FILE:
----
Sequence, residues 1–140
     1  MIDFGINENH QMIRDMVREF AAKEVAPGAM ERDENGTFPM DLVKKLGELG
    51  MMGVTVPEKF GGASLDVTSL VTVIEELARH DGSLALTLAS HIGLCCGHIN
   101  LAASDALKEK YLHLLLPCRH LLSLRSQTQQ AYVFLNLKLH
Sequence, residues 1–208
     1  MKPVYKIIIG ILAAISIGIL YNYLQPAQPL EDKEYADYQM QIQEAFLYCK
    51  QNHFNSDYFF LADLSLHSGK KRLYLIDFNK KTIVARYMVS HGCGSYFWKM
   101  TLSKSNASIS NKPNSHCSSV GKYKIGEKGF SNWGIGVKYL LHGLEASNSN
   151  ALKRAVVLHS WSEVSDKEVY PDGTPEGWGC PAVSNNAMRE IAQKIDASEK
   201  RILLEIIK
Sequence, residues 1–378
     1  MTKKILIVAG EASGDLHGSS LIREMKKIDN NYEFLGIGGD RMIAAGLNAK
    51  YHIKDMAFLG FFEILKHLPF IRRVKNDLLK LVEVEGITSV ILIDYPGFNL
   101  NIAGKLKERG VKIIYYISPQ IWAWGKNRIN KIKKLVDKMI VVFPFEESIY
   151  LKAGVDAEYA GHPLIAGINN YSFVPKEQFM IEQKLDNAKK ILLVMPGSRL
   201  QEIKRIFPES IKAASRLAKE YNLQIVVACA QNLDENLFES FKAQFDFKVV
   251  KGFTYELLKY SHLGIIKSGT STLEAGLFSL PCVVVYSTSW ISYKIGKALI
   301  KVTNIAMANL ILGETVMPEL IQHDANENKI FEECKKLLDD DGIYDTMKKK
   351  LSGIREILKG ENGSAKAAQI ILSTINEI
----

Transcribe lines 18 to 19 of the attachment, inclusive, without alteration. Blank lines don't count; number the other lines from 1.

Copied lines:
   301  KVTNIAMANL ILGETVMPEL IQHDANENKI FEECKKLLDD DGIYDTMKKK
   351  LSGIREILKG ENGSAKAAQI ILSTINEI